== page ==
This post was produced in partnership with Bloom, a literary site that features authors whose first books were published when they were 40 or older. 1. Every year I teach Mary Shelley's novel Frankenstein to first-year college students, who can’t quite believe it was written by a girl their age. How could someone so young create a work so furiously complex, alive with the energies of need, anger, love, and alienation? But then, who would have known freakishness so well as a bookish girl in a male-dominated world, secretly convinced she’d killed the mother she never knew? “When I looked around I saw and heard of none like me,” the Creature tells his creator, Victor Frankenstein. “Was I, then, a monster, a blot upon the earth, from which all men fled and whom all men disowned?” Yet the Creature’s own consciousness makes avoiding this pain impossible, and, like any writer, he is drawn to examine it: “[O]f what a strange nature is knowledge!” he tells Victor. “It clings to the mind, when it has once seized on it, like a lichen on the rock.” Knowledge brings pain. But knowledge -- and its exploration, in stories -- is irresistible. The sorrowing rage of a precocious daughter who felt spurned by her father and responsible for her mother’s death certainly drives the novel. But its origins aren’t quite that simple. Frankenstein was a book Mary Shelley had to write, for reasons she might never have been able to explain. That inward pressure is part of the alchemy that makes any novel an even bigger and stranger experience for its writer (and its reader) than the writer knows. While we may sometimes connect the real Mary Shelley with her brooding Creature, Frankenstein's enduring allure comes from a much more mysterious place -- an imaginative energy born of transgression, memory, fear, and desire, which may spring from real life but isn’t ever fully bound by it. That energy communicates itself to us, elevating the idea of the novel itself -- to a heightened sensory tour of a recognizable human reality, fundamentally not responsible to any laws but its own. Joan Chase, whose first novel was published when she was 47, is a writer whose work demonstrates this energy. She’s won many awards (including a Guggenheim, a Whiting Writers’ Award, the Janet Heidinger Kafka Prize, and PEN America’s Ernest Hemingway Foundation Award), and, according to one online source, is “still writing.” Yet she’s a shy, little-known presence in the modern literary world, with no webpage or Twitter feed. When confronted with so specific a fictional realm as Chase’s, readers accustomed to copious author bios and Internet availability will find themselves baffled. Yet her fiction demonstrates just how little “authorial intent” or “biography” can matter. Chase teaches us what it means for a writer to submit herself to the story, letting fiction and fact alchemize according to the needs of the created world on the page and following wherever that world’s logic leads, regardless of literal “truth.” 2. Recently reissued by NYRB Classics, Chase’s first novel, During the Reign of the Queen of Persia (1983), is narrated by a collective “we,” a group of sisters and cousins living in a matriarchal farm household in northern Ohio in the 1950s. “For as long as we could remember,” they tell us, “we had been together in the house which established the center of the known world.” Celia, Jenny, Anne, and Katie are cousins and sisters, “like our mothers, who were sisters” and who are all living in the house together at one time or another. “Sometimes we watched each other, knew differences,” they say. “But most of the time it was as though the four of us were one and we lived in days that gathered into one stream of time, undifferentiated and communal.” The girls’ days are marked by farm-kid pleasures (kittens under the porch, playing in the hayloft with a hidden deck of cards) and violence (fighting with each other and their boy cousin, the sinister Rossie) and family crises that descend like weather: cancer, marital discord, courtship and impending marriage, abuse and making-up again. Family members come and go and come again until three generations -- parents and their daughters, and the daughters’ husbands and children -- have settled into the house. At every turn the girls feel knit deeper into the place: Peaceable, we waited on the porch in the dappling noontime. In the Mason jars stacked up dusty and fly-specked on the side shelves, in the broken-webbed snowshoes hung there, the heap of rusty hinged traps waiting this long time to be oiled and set to catch something in the night, was the visible imprint of the past we were rooted in. The girls’ world is presided over by a fierce, dominating goddess -- their grandmother Lil. Nicknamed the eponymous “Queen of Persia,” Lil has been working her entire life, starting as a scrawny 11-year-old nanny for a neighbor with tuberculosis. Even an inheritance from a rich uncle, which enables her to buy a farm for herself, doesn’t soften her sense of grievance at the world. “She vowed it was peculiar,” say the girls, “her father spent his life in the West, searching for oil, when all along it was right out back under the corn crib. Now wasn’t that just like a man? Like life.” Focused in old age on her own self-protection, Lil widens her angry judgment of the world to include her daughters and granddaughters. Sometimes she condemns them, but sometimes she protects them. When her oldest daughter Grace dies of cancer, Gram squares off against Grace’s feckless husband, Neil. Yet at the novel’s end -- after making a decision that shocks the reader -- Gram snorts, “What did we ever have around here but dying and fighting? Work and craziness.” For the girls, Gram models womanhood as sheer cussedness and endurance, a “soiled and faded apron and her exhausted face, marked like an old barn siding that had withstood blasts and abuse of all kinds, beyond any expression other than resignation and self-regard.” The man for whom Gram reserves most of her fury is her husband, Jacob, a stern Amish outcast who “was bigger than all the other men we saw who came around the farm...it was a bigness of bone, as though he were solid calcium with only skin stretched over him.” Cursing at the cows, backhanding Rossie into the barn wall for smashing eggs, and changing his long underwear only a few times a year, Grandad is a dark force of nature whose inability to interpret or express his own emotions makes him terrifying but, initially to Gram as a young woman, alluring: Every night his eyes were watching, wanting her and letting her see it in him; but he wouldn’t touch her…though when she would pass close beside him she would hear his breathing, harsh and quick. It nearly drove her wild and her mind came to dwell on him nearly every second. Sometimes, when she lifted up the handle of the stove to stir the wood, the glutted, ashy coals crumbled at the slight touch and something inside her seemed to fragment in the same way. Eventually, marriage -- marked by furtive, rape-like sex and Jacob’s long absences -- bends Gram’s desire into a thick club of anger, aggression, and dark humor with which she attacks everyone around her, and herself: I seen more damned men than you would believe drinking themselves crazy, killing each other over nothing. And their women dying with babies or something else unnecessary. But you can’t tell them. I’m through trying. You can’t tell a young gal nothing, nor an older one neither. Not anything she don’t want to hear. 3. Watching Gram hang on to her life exactly as it is -- remaining married to a man she hates, stashing her money under the floorboards, and shaking up her family with daily small cruelties -- makes the reader wonder: in a world that thwarts women, what makes a woman also thwart herself, surrendering to meanness and pushing against a hard life in a way that only makes it harder? What’s the source of that particularly Midwestern passive aggression, self-sabotage, and buried rage? And why hate the one who gets away from it all -- in this case Aunt Elinor, a successful New York career woman whose efforts to care for her dying sister are mocked even as they are relied upon? “Aunt Elinor looked patient, as one who had seen a wider world,” the girls observe, “one she constantly made visible to the rest of us -- accepting the fact that a wider world might mean a weaker place in the old one.” Why love a place where the ordinary marvels of life -- “The wet orchard grass and briers gleamed like washed planking, while above, the branches held green sails to the wind” -- are braided with such pain? When you are immersed in Joan Chase’s writing, that love seems wholly inevitable. In her review of During the Reign of the Queen of Persia, Margaret Atwood described the girls’ connection to this place: Will the ‘we,’ having known a childhood so all-enveloping, so histrionic and so collective, ever be able to resolve itself successfully into four separate ‘I’s? For despite the horror of some of the events they witness, the children’s life at Gram’s is fascinating and addictive, and they live with an intensity and gusto that prevent their final vision from being a bleak one. Indeed, something in the girls cleaves to their “flamboyantly, joylessly unpredictable” grandmother, no matter what: When we are grown up and have been through everything, we’ll be like that. We’ll order kittens drowned by the bagful. Then at night we’ll dress in our silken best, pile on jewels and whiz off to parties, bring home prizes for the family. We’ll bet on horses. This thread of resilience brightens the otherwise dark weather of this novel, which nevertheless isn’t forced or melodramatic -- it’s only doing what it must, only being what it is. Lacking answers to the questions we might ordinarily ask the author -- Is this your family? Are you saying something about women and passive-aggression here? -- we fall back on the novel itself and on our own reactions, delving deeper into the territory of self-investigation. Which is to say, into literature. Like Marilynne Robinson's Housekeeping, which was published three years earlier, During the Reign of the Queen of Persia is poised on the border between strict realism and something like a dream. If the governing element of Robinson’s novel is water -- the frozen lake, the drowned train -- Chase’s novel is of the soil. Rooted in landlocked northern Ohio, it is replete with cluttered farmhouses and barns and deer stealing windfall apples from the orchard. Yet its effects are never showy or awkward, never just rural Gothic cliché. Like William Faulkner, whom Chase admires, this is novelistic imagination with no elaborate scaffolding between reader and author -- just direct immersion in a stream of subjectivity and life we come to know through that immersion itself. In this, the novel echoes its subjects: terrifying, marvelous, and memorable things happen here, and that’s just how it is -- here in this dark Midwestern Eden, with its gnarled and faithful apple trees. 4. Chase found an early center of gravity in a large family homestead in rural Ohio like the one in Queen of Persia. “[I]t was wonderful,” she has said, “to have so much family around me.” On an “Ohioana Authors” radio program, she said, “When I began to write what became During the Reign of the Queen of Persia, I didn’t decide on Ohio as the setting, Ohio was just there, my imaginative heartland. It was the land of my childhood and from my perspective the most lovely and thrilling place in the world.” These biographical statements (among the few Chase has made) don’t account for the elements of Queen of Persia that are less than “lovely.” But they don’t really need to; we all know that what is “true” doesn’t always make the best story. A writer must let the emotional qualities and images on the page shape the story according to her own emerging logic. This means that tracing a writer’s “biography” in a novel can be difficult. Particularly for the writer herself. And that, too, is perhaps as it should be. Chase’s later works return to themes similar to Queen of Persia, although in more diffuse, experimental ways. Her second novel, The Evening Wolves (1989) explores how a feckless, wandering father warps his daughters’ lives. Francis Clemmons is charming and fierce, self-centered and often irresistible. The first-person narration (traded among his three children and second wife) is precise and pithy, rooting us in particular bodies and subjectivities: “My hair is straight, quiet hair,” young daughter Ruthann declares, “and my head feels peaceful, at least where it shows.” Elsewhere she tells how a boy “started rubbing my bones, their stone hearts luminous in the dark, binding me like stays.” Unlike Persia, the novel feels inconclusive, with an open-endedness that is employed to better effect in Chase’s short fiction. Gathered in Bonneville Blue (1991), Chase’s stories are strange and shapely, centered around striking images from down-at-heel rural worlds reminiscent of Persia’s barns and backroads. Sally in “Crowing” accompanies a cranky old man around his barn: “People say farm animals know when the hog butcher is coming. Somehow. Even the day before, they will be restive, off their feed, as though word of the appointment has reached them.” Here, too, women are yearning yet uncertain how to act. In the lyrical “The Harrier,” an unhappily married woman dreams of a younger man: I didn’t go with him up into that bed in the forest, not in the end, although as I said, in that winter of cold and driving spikes of ice he seemed to slam against my bedroom window all night like some night bird wanting in. But I chose to lie on, hugging the curve of my husband’s unyielding back, dreaming the smell that is feverish and rank, the distillation of roots and vines newly turned over. 5. Like Elena Ferrante, whose novels of growing up in midcentury Naples have drawn fresh attention this fall -- and who writes from behind an inviolable pseudonym -- Joan Chase disrupts the links we seek between a writer’s life and her art to let her work stand alone in the public eye. Of course, Joan Chase is her real name. But her relative silence, while thwarting readers’ curiosity, serves us as Ferrante’s pseudonymity does by sending us back to the work, which stands on its own -- enigmatic, dark, and gorgeous. Reading Chase, Ferrante, and Mary Shelley all together reignites my curiosity about women, writing, and boldness. What interior permissions, or exterior disguises, or at-long-last states of peace and determination must a woman attain to in order to speak the story that wants to take shape, whatever that shape may be? I’m wondering, too, about the relationship between personal privacy and the kind of boldness we need to do our work. In the Internet age, Ferrante’s pseudonym and Chase’s quietness both suggest strategies to address that issue: if you want to avoid complaining family members, or earnest reviewers asking you about “which parts are autobiographical,” or random readers’ emails, short-circuiting the link between you and the public might help. Maintaining privacy might also quiet interior voices that insist a good daughter would never write this. Seeking recognition is just not what we do in this family. If you get the wrong kind of attention, it’s your own fault. During the Reign of the Queen of Persia does make me wonder about Chase’s family’s reaction: whether they recognized themselves, whether they objected, whether they half-resented the one whose success they also envied. But ultimately, it’s not our business. It is enough that Joan Chase brought into the world a novel so vivid, risky, and beautiful, and that from it we can learn to trust our stories -- to finger the jagged grain of those trees in our childhood Edens, those lost orchards of memory -- and let them take us where they need to go.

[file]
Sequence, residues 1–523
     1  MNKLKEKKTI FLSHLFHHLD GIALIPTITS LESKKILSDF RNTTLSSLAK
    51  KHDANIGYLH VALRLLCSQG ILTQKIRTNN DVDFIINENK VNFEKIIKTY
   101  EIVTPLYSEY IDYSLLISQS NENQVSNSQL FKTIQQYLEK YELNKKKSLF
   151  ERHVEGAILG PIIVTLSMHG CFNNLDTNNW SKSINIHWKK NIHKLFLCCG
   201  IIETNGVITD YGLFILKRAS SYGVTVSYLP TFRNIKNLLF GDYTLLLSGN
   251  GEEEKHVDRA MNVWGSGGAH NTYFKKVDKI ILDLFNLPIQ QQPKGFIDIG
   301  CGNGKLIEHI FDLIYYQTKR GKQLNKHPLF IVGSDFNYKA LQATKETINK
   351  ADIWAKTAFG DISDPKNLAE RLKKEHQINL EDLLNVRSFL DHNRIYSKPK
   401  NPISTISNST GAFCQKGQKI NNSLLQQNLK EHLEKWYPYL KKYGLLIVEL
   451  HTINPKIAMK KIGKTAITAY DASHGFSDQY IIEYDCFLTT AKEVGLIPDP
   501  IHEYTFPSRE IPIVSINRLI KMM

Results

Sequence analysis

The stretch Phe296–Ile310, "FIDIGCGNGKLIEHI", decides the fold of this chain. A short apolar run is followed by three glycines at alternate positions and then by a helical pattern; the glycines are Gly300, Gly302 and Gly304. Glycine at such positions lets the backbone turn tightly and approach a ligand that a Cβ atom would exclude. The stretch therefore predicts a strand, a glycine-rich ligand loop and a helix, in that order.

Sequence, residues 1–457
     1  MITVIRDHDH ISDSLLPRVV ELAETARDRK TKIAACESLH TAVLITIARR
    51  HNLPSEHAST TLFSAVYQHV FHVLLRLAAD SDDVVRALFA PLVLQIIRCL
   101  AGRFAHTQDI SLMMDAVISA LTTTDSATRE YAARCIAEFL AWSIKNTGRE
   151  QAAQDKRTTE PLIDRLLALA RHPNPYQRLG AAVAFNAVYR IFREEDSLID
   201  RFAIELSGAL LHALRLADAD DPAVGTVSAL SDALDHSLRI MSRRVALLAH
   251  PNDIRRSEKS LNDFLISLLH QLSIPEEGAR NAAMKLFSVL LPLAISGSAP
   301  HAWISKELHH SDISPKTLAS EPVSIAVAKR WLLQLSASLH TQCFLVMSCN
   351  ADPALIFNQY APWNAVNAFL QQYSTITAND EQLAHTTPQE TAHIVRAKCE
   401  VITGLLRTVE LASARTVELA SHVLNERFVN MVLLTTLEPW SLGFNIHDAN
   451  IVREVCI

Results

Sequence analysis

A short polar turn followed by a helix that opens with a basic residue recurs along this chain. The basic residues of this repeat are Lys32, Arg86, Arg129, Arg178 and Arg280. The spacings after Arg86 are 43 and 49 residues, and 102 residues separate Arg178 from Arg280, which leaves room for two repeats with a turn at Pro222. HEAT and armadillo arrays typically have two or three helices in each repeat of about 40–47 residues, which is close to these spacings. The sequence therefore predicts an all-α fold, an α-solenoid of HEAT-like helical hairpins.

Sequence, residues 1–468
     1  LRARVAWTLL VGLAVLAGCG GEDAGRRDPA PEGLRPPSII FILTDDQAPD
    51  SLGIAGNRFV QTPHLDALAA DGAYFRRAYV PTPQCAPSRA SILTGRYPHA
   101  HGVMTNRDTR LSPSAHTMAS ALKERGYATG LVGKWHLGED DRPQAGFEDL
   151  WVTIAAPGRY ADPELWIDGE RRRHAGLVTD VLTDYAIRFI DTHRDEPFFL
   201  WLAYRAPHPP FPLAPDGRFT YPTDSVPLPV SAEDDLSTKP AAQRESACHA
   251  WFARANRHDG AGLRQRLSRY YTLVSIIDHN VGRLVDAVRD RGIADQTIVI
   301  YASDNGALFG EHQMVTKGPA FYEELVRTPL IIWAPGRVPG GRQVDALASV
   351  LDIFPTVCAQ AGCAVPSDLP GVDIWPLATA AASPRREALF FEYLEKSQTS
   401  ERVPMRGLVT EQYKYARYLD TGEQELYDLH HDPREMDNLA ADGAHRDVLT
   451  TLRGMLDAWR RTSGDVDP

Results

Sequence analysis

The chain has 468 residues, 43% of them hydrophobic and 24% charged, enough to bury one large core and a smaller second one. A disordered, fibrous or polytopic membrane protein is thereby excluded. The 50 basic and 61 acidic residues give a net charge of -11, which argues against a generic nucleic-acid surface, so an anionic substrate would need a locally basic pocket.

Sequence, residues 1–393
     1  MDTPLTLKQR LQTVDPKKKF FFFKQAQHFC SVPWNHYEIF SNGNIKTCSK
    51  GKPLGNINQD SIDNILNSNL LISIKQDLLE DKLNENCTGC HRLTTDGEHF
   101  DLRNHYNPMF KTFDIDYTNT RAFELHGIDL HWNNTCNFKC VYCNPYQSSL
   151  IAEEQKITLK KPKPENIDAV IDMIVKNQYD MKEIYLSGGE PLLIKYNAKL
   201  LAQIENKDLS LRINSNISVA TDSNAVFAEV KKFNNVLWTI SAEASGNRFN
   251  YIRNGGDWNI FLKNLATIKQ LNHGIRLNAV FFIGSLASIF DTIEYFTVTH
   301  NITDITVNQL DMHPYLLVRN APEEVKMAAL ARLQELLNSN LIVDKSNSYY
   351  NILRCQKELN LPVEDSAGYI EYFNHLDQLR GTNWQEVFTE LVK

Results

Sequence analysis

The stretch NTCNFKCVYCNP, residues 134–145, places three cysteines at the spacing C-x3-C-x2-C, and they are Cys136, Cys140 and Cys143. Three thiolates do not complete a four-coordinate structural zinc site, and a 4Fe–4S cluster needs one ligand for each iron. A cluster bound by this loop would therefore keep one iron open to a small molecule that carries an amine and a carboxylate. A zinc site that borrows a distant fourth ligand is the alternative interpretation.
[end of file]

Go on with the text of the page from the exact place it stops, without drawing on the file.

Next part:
Tom Nissley’s column A Reader’s Book of Days is adapted from his book of the same name. November is the anti-April: gray and dreary, the beginning of the end of things rather than their rebirth. It’s the month you hunker down -- if you don’t give up entirely. When Ishmael leaves Manhattan for New Bedford and the sea in Moby-Dick, it may be December on the calendar, but he’s driven to flee to the openness of oceans by “a damp, drizzly November in my soul.” And where else could Dickens’s Bleak House begin but, bleakly, in “implacable November,” with dogs and horses mired in mud, pedestrians “jostling one another’s umbrellas in a general infection of ill temper” (not unlike Ishmael “deliberately stepping into the street, and methodically knocking people’s hats off”), and of course, the Dickens fog: Fog everywhere. Fog up the river, where it flows among green aits and meadows; fog down the river, where it rolls defiled among the tiers of shipping and the waterside pollutions of a great (and dirty) city. Fog on the Essex marshes, fog on the Kentish heights. Fog creeping into the cabooses of collier-brigs; fog lying out on the yards and hovering in the rigging of great ships; fog drooping on the gunwales of barges and small boats. Shall I go on? Jane Eyre begins on a “drear November day,” with a “pale blank of mist and cloud” and “ceaseless rain sweeping away wildly before a long and lamentable blast.” And it’s on a “dreary night in November,” as “rain pattered dismally against the panes,” that Victor Frankenstein, blindly engrossed in his profane labors as the seasons have passed by outside, first sees the spark of life in the watery eyes of his creation. Is it any wonder that Meg in Little Women thinks that “November is the most disagreeable month in the whole year”? Not everyone agrees that it’s disagreeable. In his Sand County Almanac, Aldo Leopold, who finds value in each of the seasons, calls November “the month for the axe” because, in Wisconsin at least, it’s “warm enough to grind an axe without freezing, but cold enough to fell a tree in comfort.” With the hardwoods having lost their leaves, he can see the year’s growth for the first time: “Without this clear view of treetops, one cannot be sure which tree, if any, needs felling for the good of the land.” The season’s first starkness, in other words, brings clarity to the work of the conservationist, whose labors in managing his forest are done with axe not pen, “humbly aware that with each stroke he is writing his signature on the face of his land.” But really, why go out in the fog and drear at all? Stay inside and read. Pride and Prejudice by Jane Austen (1813) What is romance without obstacles, which are planted in Elizabeth Bennet's path most enjoyably at November's Netherfield ball, including an unwanted proposal from Mr. Collins and a further contempt for the perfidious Mr. Darcy. Frankenstein by Mary Shelley (1818) The horrified, fascinated romance between creator and created begins with an electric spark in the gloom of November and ends on the September ice of the Arctic, with the monster, having outlived the man who called him into being, heading out to perish in the darkness. Woman in the Nineteenth Century by Margaret Fuller (1845) In November 1839, 25 women assembled in a Boston apartment for the first "Conversation," a salon hosted by Margaret Fuller, a formidable intellect still in her 20s. She'd later be accused, after her early death, of having been a talker rather than a doer, but her friend Thoreau praised this major work for that very quality: it reads as if she were "talking with pen in hand." Bleak House by Charles Dickens (1853) Not quite as muddy and befogged as the November afternoon on which it begins -- nor as interminable as the legal case, Jarndyce v. Jarndyce, in which its story is enmeshed -- Bleak House is actually one of Dickens’s sharpest and best-constructed tales. The Return of the Native by Thomas Hardy (1878) The restless desire of Hardy's doomed characters, especially the bewitching "Queen of the Night," Eustacia Vye, is fanned, at the novel's beginning and its tragic end, by the pagan flames of November 5th's Bonfire Night. Quicksand by Nella Larsen (1928) It's on a rainy November day in New York that Helga Crane, after a life on the move from the South to Chicago to Harlem to Denmark and back to Harlem again, steps into a storefront church and -- either lost or saved, she doesn't know -- makes a choice that mires her into a life from which there's no escape. Pippi Longstocking by Astrid Lindgren (1945) Fed up with November? Why not celebrate it the way, according to Pippi, they do in Argentina, where Christmas vacation begins on November 11, ten days after the end of summer vacation? Under the Volcano by Malcolm Lowry (1947) The descent toward death of the alcoholic consul, Geoffrey Firmin, takes place entirely on the Day of the Dead in 1938, the same day Lowry later liked to say he had his first taste of mescal. To Kill a Mockingbird by Harper Lee (1960) "Mr. Ewell," asks the prosecutor, "would you tell us in your own words what happened on the evening of November twenty-first, please?" Those disputed events are what the jury -- "twelve reasonable men in everyday life" -- is presumed by law to be able to determine, with the guidance of the prosecutor and the defense attorney, Atticus Finch. "Frank Sinatra Has a Cold" by Gay Talese (1966) A few fall months spent in the orbit of Mr. Sinatra, but none in conversation with the man himself, were enough for Talese to put together this revolutionary, and still fresh, celebrity profile -- and profile of celebrity -- for Esquire. The Friends of Eddie Coyle by George V. Higgins (1970) Eddie Coyle was caught driving a truck through New Hampshire with about 200 cases of Canadian Club that didn’t belong to him, and now he has a court date set for January. So he spends the fall trying to make a deal -- trying to make a number of deals, in fact -- in Higgins’s debut, which Elmore Leonard has, correctly, called “the best crime novel ever written.” The Death of Jim Loney by James Welch (1979) The fall is indeed bleak in the Montana of Welch’s second novel, in which Loney, a young man with a white father and an Indian mother -- both lost to him -- stumbles toward his fate like Ivan Ilych, unsure of what it means to live. The Ice Storm by Rick Moody (1994) Thanksgiving and family dysfunction go together like turkey and gravy, but Moody deftly sidesteps the usual holiday plot in his Watergate-era tale of suburbanites unmoored by affluence and moral rot by setting his domestic implosion on the day and night after Thanksgiving, as an early-winter storm seals Connecticut in ice. Libra by Don DeLillo (1988) and American Tabloid by James Ellroy (1995) The Dallas motorcade was a magnet for plotters in 1963, and it has been ever since, especially in these two modern masterpieces in which too many people want the president dead for it not to happen. A Century of November by W.D. Wetherell (2004) November 1918 may have meant the end of the Great War, but for Charles Marden, who lost his wife to the flu and his son to the trenches, it means a pilgrimage, driven by unspoken despair, from his orchard on Vancouver Island to the muddy field in Belgium where his son died, an expanse still blanketed with barbed wire and mustard-gas mist that seem to carry another hundred years’ worth of war in them. Image Credit: Wikimedia Commons